What is the origin of the last name Weeks?

The last name Weeks has its origin in medieval England, deriving from the Old English word "wic" or "wicce," meaning a dwelling or settlement. It was commonly used to refer to someone who lived near a "wic" or had a connection to a specific settlement. Over time, the name evolved to become Weeks, with various spelling variations appearing in records throughout history. The surname Weeks has remained prevalent, particularly in English-speaking countries, and its etymology speaks to the ancestral ties individuals might have had to specific locations in their lineage.

Countries of origin for the last name Weeks

The last name “Weeks” is a common surname in the United States. It has an English origin and is primarily found in English-speaking countries. The name first originated from the Old English word “wic,” which means “a dairy farm,” and was used as a surname to indicate that the family lived or worked on such a farm.

The surname “Weeks” can also be traced back to the Middle English word “wikke,” meaning “wicked” or “crooked.” In this context, it is possible that the name could have been used as a nickname for someone with a mischievous or morally dubious character. However, this association is less commonly accepted than the “dairy farm” origin.

Historical records suggest that the last name “Weeks” dates back to at least the 13th century in England. It is believed to have originated in the southwestern county of Devon, which was a significant region for dairy farming. Over time, families with the surname “Weeks” spread to other parts of England and eventually migrated to other English-speaking countries, including the United States.

The distribution of the last name “Weeks” in the United States is widespread, with concentrations in states such as Texas, California, Florida, and New York. This distribution is likely the result of various factors, including historical migration patterns and population movements.

While the exact number of people with the last name “Weeks” in the United States is difficult to determine due to various factors such as misspellings and multiple family branches, it is considered to be a relatively common surname. In the 2010 U.S. Census, it was estimated that there were over 63,000 individuals with the last name “Weeks” residing in the country.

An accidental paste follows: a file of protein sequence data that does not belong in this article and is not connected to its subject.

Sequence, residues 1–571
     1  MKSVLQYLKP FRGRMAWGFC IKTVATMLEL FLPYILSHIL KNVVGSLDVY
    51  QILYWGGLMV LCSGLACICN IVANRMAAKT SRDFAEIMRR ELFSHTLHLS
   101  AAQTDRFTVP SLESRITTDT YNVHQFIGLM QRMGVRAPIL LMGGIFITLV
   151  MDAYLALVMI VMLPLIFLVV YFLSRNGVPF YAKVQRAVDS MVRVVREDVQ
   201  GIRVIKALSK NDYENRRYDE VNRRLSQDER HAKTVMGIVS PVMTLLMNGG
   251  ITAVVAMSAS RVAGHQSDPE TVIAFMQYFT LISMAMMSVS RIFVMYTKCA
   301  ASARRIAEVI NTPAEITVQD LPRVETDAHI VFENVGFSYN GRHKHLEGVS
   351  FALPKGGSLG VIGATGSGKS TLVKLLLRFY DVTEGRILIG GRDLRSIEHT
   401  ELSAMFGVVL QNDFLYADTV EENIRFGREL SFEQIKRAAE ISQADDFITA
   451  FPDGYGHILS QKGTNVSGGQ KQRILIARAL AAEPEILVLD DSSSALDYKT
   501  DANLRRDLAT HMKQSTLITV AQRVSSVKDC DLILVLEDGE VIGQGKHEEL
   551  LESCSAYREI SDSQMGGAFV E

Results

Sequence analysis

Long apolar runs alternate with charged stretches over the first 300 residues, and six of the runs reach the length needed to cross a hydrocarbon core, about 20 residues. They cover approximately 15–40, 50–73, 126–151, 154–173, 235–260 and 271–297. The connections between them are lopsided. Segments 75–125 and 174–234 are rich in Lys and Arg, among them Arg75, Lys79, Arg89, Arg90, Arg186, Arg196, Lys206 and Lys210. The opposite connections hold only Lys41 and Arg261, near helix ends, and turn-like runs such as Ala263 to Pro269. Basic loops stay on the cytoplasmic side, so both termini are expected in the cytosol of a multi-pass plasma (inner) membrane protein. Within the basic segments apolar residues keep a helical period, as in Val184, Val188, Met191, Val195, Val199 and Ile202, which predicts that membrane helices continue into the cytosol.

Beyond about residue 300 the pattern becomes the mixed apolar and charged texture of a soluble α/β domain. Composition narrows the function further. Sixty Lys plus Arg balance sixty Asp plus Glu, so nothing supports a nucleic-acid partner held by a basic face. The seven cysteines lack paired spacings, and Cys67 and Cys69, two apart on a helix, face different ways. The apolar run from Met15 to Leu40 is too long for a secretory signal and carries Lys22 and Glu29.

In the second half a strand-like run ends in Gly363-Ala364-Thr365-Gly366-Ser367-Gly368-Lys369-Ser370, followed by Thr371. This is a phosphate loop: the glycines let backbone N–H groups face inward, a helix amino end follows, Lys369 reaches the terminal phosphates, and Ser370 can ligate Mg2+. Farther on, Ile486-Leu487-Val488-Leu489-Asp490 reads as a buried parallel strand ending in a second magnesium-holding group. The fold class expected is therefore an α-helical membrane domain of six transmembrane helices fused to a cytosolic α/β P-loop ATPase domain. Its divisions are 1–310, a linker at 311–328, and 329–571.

Given the English origin of the last name, it is not surprising that variations and alternative spellings of “Weeks” can be found. These include “Wicks,” “Wickes,” and “Wick.” These variations, although less common, may have emerged due to different regional accents and dialects.

While the surname “Weeks” has a rich historical background and a specific etymology, it is important to note that surnames and their meanings evolve over time. As such, individual cases may exist where the name acquired a different meaning or was adopted by a family for reasons unrelated to the original etymology. Such variations and exceptions, though less prevalent, demonstrate the complexity and fluidity of surname origins.

Interesting facts about the last name Weeks

  • The surname Weeks is of English origin.
  • It is derived from the Old English word “wic” or “wicu,” meaning “dweller at the dairy-farm” or “dairy-worker.”
  • The name has been recorded in various forms throughout history, including Wice, Woise, Wykes, and Wyce.
  • The surname Weeks is relatively common in England, particularly in the counties of Devon, Somerset, and Cornwall.
  • In the United States, the surname Weeks is most prevalent in the southern states, especially in Mississippi, Alabama, and South Carolina.
  • A notable individual with the surname Weeks is Sinclair Weeks (1893-1972), who served as the United States Secretary of Commerce under President Dwight D. Eisenhower.
  • The name may also have Jewish origins, with variations such as Weck, Wecke, and Wejks.
  • Weeks is a surname that has been passed down through generations, often indicating a family’s ancestral connection to a specific region or occupation.
  • There are several notable places named Weeks, including Weeks Bay in Alabama, Weeks Park in Wichita Falls, Texas, and Weeksville in Brooklyn, New York.
  • In the British peerage, there is an extinct baronetcy called the “Weekes Baronetcy” created in 1795.

Name Rank


There are around 41565 people with the last name Weeks in the US

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